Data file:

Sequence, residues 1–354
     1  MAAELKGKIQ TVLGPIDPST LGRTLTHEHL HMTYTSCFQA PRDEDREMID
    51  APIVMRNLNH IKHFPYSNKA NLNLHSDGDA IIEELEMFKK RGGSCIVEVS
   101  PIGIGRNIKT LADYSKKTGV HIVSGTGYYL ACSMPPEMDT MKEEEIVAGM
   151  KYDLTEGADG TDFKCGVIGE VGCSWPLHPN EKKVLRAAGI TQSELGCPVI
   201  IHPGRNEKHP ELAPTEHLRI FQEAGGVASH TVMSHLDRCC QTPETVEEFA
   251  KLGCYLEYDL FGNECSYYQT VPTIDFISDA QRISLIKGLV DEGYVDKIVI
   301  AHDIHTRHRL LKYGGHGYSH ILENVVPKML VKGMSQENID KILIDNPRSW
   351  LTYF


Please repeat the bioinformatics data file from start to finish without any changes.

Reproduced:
Sequence, residues 1–354
     1  MAAELKGKIQ TVLGPIDPST LGRTLTHEHL HMTYTSCFQA PRDEDREMID
    51  APIVMRNLNH IKHFPYSNKA NLNLHSDGDA IIEELEMFKK RGGSCIVEVS
   101  PIGIGRNIKT LADYSKKTGV HIVSGTGYYL ACSMPPEMDT MKEEEIVAGM
   151  KYDLTEGADG TDFKCGVIGE VGCSWPLHPN EKKVLRAAGI TQSELGCPVI
   201  IHPGRNEKHP ELAPTEHLRI FQEAGGVASH TVMSHLDRCC QTPETVEEFA
   251  KLGCYLEYDL FGNECSYYQT VPTIDFISDA QRISLIKGLV DEGYVDKIVI
   301  AHDIHTRHRL LKYGGHGYSH ILENVVPKML VKGMSQENID KILIDNPRSW
   351  LTYF